Before a vaginal cancer diagnosis can be made, you should see a doctor. The first step is for the doctor to take a complete medical history to check for risk factors and symptoms. Then you would be physically examined by your doctor, including a pelvic exam and possibly a Pap test and a vaginal biopsy.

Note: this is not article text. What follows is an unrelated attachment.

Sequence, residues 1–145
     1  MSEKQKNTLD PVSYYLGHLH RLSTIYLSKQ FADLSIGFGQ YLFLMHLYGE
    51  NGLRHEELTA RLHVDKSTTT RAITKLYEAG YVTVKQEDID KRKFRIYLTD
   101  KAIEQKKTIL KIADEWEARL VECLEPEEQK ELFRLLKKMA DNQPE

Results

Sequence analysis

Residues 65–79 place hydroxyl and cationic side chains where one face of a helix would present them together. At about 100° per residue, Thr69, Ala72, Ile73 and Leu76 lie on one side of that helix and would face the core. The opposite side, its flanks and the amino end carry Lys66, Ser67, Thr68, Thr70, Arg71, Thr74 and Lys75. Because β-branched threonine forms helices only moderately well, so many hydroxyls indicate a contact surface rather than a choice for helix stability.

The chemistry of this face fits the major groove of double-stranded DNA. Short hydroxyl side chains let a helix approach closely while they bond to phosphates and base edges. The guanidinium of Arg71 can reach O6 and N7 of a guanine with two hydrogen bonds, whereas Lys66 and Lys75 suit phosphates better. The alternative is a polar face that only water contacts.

As with cancers of the cervix, a vaginal cancer diagnosis is often preceded by pre-cancerous lesions. The pre-cancerous lesions are called Vaginal Intraepithelial Neoplasias (VaIN). Most pre-cancerous lesions are detected by routine pap smear. If you have ever received treatment for an abnormal pap smear, you may be at increased risk for vaginal dysplasia. Only biopsies of abnormal areas can confirm the degree of dysplasia and determine whether cancer is present within the vagina.